An individualized support vector machine (SVM) model with the reduced size feature vector was trained to classify participant’s attentional state to a scene versus to a face image. SVM is a supervised classification method for linear and nonlinear pattern recognition [41]. SVM has been employed in many studies on machine learning and data classification where it is difficult to assort distinct classes with a straight line. The basic approach of SVM is to construct a hyperplane in a feature space to perform as a decision surface for separating data from two different categories. If we assign “+1” and “-1” labels to the two class categories, the objective in SVM analysis is to find an optimal hyperplane between positive and negative examples such that the margin between two classes would be maximized. To evaluate the performance of classification and prevent model overfitting, we conducted a leave-one-block-out (LOBO) cross-validation to develop an individualized attentional state decoding model within each participant’s dataset. For each participant, one block of trials was withheld as the test set while an SVM model was trained using the remaining blocks. Subsequently, classification results of the SVM model evaluated on the test set block were recorded. This was repeated to facilitate each block of data as a test set.

4. Results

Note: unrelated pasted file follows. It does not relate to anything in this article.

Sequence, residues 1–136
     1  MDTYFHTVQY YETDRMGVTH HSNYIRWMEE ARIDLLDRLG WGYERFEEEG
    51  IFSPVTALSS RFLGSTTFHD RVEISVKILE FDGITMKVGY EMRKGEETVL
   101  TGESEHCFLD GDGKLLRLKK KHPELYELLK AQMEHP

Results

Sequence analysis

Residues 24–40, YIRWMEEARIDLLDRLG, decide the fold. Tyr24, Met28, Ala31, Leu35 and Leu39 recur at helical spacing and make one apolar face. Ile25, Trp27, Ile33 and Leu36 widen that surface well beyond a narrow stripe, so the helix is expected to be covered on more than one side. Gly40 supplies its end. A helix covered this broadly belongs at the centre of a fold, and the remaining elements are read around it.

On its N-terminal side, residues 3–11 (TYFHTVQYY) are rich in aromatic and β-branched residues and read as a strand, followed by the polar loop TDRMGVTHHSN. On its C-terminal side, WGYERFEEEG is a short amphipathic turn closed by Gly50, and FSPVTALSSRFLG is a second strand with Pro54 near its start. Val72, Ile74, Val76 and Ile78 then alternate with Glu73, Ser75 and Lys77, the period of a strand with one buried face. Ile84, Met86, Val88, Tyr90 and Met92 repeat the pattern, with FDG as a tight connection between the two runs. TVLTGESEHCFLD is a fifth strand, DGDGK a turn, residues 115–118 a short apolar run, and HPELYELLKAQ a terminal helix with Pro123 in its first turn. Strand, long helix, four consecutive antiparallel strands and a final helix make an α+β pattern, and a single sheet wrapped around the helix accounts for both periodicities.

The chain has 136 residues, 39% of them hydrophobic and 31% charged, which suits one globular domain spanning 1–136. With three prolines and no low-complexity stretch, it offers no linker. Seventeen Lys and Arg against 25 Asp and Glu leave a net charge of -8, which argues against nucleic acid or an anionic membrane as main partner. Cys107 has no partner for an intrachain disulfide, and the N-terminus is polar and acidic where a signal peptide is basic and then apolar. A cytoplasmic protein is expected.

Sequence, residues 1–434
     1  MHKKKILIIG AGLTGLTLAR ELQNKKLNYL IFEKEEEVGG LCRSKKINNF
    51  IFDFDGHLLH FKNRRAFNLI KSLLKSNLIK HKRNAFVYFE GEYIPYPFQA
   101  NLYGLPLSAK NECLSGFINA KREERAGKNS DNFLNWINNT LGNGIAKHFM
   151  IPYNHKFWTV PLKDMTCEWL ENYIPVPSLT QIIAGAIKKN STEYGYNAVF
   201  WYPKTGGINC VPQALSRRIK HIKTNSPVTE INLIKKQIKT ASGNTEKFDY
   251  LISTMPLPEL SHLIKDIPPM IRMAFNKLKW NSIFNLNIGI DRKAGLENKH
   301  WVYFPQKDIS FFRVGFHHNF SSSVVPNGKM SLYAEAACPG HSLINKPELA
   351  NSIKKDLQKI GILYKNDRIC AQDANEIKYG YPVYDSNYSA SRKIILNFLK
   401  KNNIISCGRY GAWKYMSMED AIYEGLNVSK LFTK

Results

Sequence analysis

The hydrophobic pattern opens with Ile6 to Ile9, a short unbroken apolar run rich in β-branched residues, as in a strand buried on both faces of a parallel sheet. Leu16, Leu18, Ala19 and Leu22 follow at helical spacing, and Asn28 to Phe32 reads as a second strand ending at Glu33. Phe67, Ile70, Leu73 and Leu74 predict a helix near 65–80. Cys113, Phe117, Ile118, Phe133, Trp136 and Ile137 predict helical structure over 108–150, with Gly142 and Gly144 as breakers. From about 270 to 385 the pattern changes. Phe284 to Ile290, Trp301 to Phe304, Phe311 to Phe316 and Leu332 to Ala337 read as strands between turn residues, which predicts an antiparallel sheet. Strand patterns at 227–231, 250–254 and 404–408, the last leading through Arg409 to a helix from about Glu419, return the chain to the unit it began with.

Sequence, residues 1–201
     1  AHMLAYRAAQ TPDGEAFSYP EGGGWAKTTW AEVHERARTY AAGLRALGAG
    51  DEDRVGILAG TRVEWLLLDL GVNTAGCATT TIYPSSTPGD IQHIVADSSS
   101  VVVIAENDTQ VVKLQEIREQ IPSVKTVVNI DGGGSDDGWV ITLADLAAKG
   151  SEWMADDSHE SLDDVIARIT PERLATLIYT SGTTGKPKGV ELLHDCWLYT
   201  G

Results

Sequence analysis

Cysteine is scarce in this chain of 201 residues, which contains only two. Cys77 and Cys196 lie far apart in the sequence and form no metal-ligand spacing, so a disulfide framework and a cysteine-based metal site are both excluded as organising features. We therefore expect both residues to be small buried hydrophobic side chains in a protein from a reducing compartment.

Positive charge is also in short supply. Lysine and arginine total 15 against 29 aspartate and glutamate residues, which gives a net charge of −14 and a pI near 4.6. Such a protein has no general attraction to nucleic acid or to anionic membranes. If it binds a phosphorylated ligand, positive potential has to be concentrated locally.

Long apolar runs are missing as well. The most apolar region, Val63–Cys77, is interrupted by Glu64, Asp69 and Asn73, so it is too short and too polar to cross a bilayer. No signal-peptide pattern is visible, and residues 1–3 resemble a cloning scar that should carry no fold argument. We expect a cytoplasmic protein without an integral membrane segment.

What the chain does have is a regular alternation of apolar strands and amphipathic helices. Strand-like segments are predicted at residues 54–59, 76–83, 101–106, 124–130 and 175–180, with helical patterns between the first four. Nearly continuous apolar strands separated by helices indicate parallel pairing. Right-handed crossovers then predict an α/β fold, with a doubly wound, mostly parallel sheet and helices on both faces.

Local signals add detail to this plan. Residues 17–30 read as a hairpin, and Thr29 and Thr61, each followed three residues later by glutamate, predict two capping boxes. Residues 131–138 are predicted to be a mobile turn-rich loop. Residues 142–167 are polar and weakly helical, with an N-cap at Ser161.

This section illustrates the results of participants’ behavioral response as well as EEG decoding accuracy among sample dataset during a sustained attention task. We measured the percentage of correct responses as behavioral response. Participants’ mean behavioral performance is reported in Table 3. The average success rate over the entire face and scene blocks were shown for each participant, separately. The behavioral performance ranges between 73.0% and 96.5%. Since each composite image was shown for one second only, a participant may misidentify a relevant image or fail to make the correct response within the trial interval. Thus, we decided to accept participants’ self-correction if it happened during the same trial interval. We performed a linear SVM classification with the collected EEG signals dataset while participants were attending to two classes of scene and face images. The LOBO cross-validation results on attentional state evaluation are summarized in Table 4. The scene accuracy indicates how accurately the SVM model predicts the attentional state towards scene images whereas the face accuracy indicates how accurately the SVM model predicts the attentional state on face images. On average, the accuracy of the individualized model was around 77% which is comparable to the fMRI study’s result that reported an accuracy of 78% [2]. In some of the previous studies with fMRI, there has been a report of positive correlation between functional neural network and the relevant behavioral performance [2, 42]. This motivated us to investigate the existence of such correlation in our experiment using the classification results of EEG signals. Figure 3 is plotted by using reported computation in Tables 3 and 4. Figure 3 illustrates the success rate of behavioral performance with respect to mean decoding accuracy for scene and face categories, separately. The result suggests a positive correlation between mean behavioral success rate and the corresponding mean attentional states among the population. This observation may suggest that there is a close association between decoded attentional states and the response of motor. This observation confirmed the finding in some of the previous fMRI studies while suggesting the efficacy of the proposed low-cost EEG-based platform in tracking interconnectivity of cognitive and motor performance in neurorehabilitation programs. Figure 4 shows the average time-frequency illustration of EEG signals during attention to faces and scenes (left and middle) and averaged ERP responses (right) over all participants at occipital (O1, O2) and parietal electrodes (P7, P8) in Figure 4(a), and frontal (left F3, FC5, right F4, FC6) sites in Figure 4(b). Visual attention is mostly associated with ERP components N100, N200, and P300 [1, 43, 44]. Faces evoked larger N100, N170 responses in early visual cortices as it is seen in Figure 4(a) compared to ERPs of scenes. In Figure 4(b) frontal sites, faces evoked extra alpha waves compared to scene (e.g., F3). Enhanced ERP to faces is also observed in P1 and P2 range, likely because faces draw more attention. Consistent with literature, right hemisphere depicts slightly more attention to faces [43]. Additionally, P300 ERP component which relates to late positive brain response does not reveal any difference in processing of attentional states to face and scene categories.